Reader Ed went back to Home Depot and took a video of that Home Depot ripoff of the Staple’s “Easy Button” getting pressed. The mechanized voice released from inside says, “Don’t see the product you want you want on our displays? The Home Depot can still provide it! Ask an associate to set up a CFP to locate the product you want!” That’s a lot more words than when you push the original button, which says, “That was Easy.” Nice job, big orange, you steal someone else’s idea and then totally ruin the whole concept by adding a bunch of extra marketing language.
In recent years, retailers have been successful in getting a handful of states, including Illinois and New York, to pass laws requiring Amazon.com and similar e-tailers to collect sales tax on products shipped to those states. Now, with the backing of super-sized chains, there is a full-on push to get these laws on the books in every state that collects sales tax.
When an alleged shoplifter was caught at a New Hampshire Home Depot store, loss prevention staff brought him to the front office to speak with him, which is the normal procedure. As police put it, though, “the subject became agitated” and fled the store: stabbing an employee in the hand with a pair of scissors, and losing police in a high-speed chase that apparently reached 100 MPH.
Police have arrested an employee at a Staten Island Home Depot after she allegedly popped a peeved customer in the face.
When a Home Depot associate promised Rose M. and her husband that the items they needed on a deadline would arrive on time, they were worried that their project would be left in limbo if those pieces failed to appear. So when the store didn’t, in fact, have their items, they were bummed. But just temporarily!
Last August, Consumerist reader Dan bought an LG dishwasher from Home Depot. When the unit began to exhibit issues, his attempts to deal with LG were in vain. But a well-worded letter to the CEO of Home Depot got the ball rolling and had a replacement dishwasher ready for him the next day.
Mike found this sign in the carpet section of a New Jersey Home Depot. The portion below the boldface type under the second bullet point highlights the fact that the sign could have used one last look before the person in charge of sign proofing gave it the thumbs-up.
SgtBeavis ordered a clearance item from Home Depot last week. The site claimed that the item was on backorder, and let him place the order. Then they canceled it. Fortunately, the good sergeant reads Consumerist, and decided to write to the CEO of Home Depot to get the situation fixed. It worked: Home Depot overnighted the item to his house for free. He and his woodworking buddies were stunned,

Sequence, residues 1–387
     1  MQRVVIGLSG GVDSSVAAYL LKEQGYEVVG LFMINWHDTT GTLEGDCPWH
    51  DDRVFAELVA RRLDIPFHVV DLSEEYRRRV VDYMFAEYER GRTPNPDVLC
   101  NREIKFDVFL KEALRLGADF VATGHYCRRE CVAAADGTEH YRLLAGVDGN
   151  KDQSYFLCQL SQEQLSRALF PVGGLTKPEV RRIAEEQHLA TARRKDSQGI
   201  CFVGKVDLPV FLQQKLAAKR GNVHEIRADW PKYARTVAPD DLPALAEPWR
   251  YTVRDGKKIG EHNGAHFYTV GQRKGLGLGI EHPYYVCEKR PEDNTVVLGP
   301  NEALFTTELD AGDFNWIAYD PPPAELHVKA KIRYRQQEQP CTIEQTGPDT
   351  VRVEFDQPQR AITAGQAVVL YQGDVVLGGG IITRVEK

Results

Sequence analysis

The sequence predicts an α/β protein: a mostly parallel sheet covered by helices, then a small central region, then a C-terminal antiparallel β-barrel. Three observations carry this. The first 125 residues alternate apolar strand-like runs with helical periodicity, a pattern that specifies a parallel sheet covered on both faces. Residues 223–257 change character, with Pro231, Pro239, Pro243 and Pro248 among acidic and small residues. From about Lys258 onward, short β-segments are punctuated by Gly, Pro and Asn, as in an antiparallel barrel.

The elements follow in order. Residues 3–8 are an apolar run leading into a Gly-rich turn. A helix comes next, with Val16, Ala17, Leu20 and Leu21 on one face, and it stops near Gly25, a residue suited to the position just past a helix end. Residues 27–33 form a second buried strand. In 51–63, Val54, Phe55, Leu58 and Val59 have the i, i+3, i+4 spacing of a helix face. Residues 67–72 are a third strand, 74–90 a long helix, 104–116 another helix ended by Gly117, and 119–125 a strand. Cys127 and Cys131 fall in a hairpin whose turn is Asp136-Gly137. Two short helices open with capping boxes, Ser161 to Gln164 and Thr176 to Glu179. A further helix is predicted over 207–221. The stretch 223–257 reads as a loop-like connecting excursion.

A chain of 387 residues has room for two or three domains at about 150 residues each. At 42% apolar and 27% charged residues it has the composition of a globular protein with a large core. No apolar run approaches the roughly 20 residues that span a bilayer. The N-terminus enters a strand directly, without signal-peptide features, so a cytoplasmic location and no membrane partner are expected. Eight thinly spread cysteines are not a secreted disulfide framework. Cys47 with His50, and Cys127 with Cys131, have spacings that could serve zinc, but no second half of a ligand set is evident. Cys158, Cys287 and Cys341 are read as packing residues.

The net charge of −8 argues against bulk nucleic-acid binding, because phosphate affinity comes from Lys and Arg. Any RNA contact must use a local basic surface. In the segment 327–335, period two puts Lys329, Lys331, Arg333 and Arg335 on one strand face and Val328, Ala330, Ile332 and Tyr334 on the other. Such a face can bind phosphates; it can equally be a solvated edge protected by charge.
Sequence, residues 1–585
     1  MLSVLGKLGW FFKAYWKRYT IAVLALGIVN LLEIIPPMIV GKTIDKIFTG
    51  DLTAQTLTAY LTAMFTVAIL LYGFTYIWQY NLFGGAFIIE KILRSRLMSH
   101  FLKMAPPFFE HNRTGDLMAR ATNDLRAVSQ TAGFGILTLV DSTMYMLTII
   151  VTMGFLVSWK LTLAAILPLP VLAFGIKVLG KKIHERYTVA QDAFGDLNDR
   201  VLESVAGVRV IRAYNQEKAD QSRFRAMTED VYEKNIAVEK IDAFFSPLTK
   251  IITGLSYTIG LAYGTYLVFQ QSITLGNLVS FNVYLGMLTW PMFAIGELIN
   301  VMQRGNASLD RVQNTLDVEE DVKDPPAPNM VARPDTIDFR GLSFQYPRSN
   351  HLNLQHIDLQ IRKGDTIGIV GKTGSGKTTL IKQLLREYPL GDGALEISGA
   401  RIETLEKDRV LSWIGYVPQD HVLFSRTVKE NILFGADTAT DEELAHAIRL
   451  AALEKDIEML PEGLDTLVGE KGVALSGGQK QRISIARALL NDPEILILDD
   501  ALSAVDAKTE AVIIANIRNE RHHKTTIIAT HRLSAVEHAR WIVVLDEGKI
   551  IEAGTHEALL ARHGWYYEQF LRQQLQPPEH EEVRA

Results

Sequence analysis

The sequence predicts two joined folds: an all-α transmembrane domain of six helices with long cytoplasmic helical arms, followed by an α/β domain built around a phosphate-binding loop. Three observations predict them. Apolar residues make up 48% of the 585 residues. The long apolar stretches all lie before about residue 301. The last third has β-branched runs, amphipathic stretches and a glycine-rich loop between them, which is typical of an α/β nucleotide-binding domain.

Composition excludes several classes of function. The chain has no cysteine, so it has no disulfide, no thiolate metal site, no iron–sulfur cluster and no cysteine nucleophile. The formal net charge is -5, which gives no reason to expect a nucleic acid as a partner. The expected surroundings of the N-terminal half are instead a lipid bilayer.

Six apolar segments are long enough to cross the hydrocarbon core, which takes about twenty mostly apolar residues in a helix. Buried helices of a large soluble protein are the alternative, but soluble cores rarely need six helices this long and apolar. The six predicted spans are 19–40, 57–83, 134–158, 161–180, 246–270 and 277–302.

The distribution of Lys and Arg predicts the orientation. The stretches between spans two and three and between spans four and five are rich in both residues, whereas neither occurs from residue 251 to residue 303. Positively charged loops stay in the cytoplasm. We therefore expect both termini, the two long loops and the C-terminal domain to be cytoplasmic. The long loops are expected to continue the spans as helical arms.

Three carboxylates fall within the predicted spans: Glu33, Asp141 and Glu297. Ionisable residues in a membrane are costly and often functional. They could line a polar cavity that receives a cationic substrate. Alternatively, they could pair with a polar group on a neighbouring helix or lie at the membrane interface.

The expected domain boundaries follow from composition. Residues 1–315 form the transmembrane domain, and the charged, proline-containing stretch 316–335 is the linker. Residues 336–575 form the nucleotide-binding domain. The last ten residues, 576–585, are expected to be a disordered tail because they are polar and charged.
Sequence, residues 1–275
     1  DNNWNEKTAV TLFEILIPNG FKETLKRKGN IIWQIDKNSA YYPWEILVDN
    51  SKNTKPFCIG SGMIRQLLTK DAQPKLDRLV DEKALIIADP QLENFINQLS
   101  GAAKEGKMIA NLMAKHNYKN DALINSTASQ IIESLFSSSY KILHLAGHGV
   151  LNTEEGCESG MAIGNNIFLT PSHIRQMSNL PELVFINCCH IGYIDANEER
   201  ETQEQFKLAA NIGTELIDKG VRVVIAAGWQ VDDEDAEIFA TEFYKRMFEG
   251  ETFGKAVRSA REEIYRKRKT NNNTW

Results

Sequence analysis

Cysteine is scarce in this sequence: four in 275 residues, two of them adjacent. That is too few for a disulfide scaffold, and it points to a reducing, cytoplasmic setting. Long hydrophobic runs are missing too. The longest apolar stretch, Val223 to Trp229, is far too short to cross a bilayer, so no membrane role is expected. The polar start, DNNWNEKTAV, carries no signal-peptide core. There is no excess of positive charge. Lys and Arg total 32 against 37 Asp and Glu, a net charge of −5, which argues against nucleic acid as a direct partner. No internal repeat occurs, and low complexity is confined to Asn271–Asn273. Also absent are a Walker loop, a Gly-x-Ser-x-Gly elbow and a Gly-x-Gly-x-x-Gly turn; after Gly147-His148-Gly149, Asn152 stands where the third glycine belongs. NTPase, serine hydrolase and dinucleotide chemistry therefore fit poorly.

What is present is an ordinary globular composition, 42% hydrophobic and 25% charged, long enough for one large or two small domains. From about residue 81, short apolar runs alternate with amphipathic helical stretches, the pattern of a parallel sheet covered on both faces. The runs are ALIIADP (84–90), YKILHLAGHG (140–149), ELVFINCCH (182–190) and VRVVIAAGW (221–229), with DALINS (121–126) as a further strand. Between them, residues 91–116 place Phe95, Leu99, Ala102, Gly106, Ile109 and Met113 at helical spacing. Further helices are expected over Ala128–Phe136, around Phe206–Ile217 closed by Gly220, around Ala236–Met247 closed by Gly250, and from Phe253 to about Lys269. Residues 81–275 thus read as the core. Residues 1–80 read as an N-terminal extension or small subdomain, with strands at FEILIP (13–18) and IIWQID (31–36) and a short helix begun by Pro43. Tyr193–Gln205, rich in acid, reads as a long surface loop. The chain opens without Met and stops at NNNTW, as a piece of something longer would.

Corporate guerrilla marketing efforts are getting more sophisticated, as well as more annoying. A Consumerist-reading blogger is under constant commenting attack from either paid Home Depot plants or a well-organized squadron of people with a lot of spare time on their hands who really, really love to defend the big box chain’s honor. And who share the same IP address.
Lucas saved up his credit card reward points to buy a Home Depot eGift Card with the understanding that he only needed the number to make a purchase. A Home Depot clerk denied his purchase, insisting she needed to see a physical copy.
A few months back, we wrote about a couple in Illinois who tried to combine cheap with hilarious by getting married at a Taco Bell. For better or for worse, it looks like that happy couple is not alone, with an increasing number of people walking down the aisles of retail stores and restaurants.
There’s a line between helpful suggestions and overbearing browbeating, and John says a Home Depot worker bulldozed that line when she talked trash about his rubber mat purchase.
As consumers in modern America, we often cynically assume that “Lifetime Guarantee” is just a something companies slap on products with no basis in fact, like “New and Improved!” or “With Calcium.” But there are companies who take the lifetime warranty concept seriously, and will replace a ten-year-old shovel after its handle breaks just as garden season begins. Matt discovered that a shovel he picked up at Home Depot a decade ago carried such a guarantee…and the company replaced his broken shovel even though all proof of purchase was long gone.
Home Depot had a problem: their employees kept sawing off their own extremities with the saws they used to cut lumber for customers. Michael Powell invented a gadget which fixed the problem, and offered to sell the device to the chain for $2,000 each. Then, the inventor’s lawsuit alleged, Home Depot simply stole the gadget’s design, made their own, and wouldn’t compensate him. “F*** Michael Powell. Let him sue us.” one executive said at the time. Now the chain must pay him a judgment of about $25 million.
Reader Dan writes in to let us know that Home Depot convinced him to shop at Sears. No easy feat, we assume.
Whaaaaa? The Wall Street Journal says J.C. Penney and Home Depot have been investing in better customer service training, because apparently some egghead thinks it might increase sales. Penney started it back over the holiday shopping season, by giving cash bonuses to employees who improved their customer service scores. Home Depot should be rolling out some new improved customer interaction this month, where cashiers will ask if you found everything you needed and will call up the right department on your behalf if you didn’t.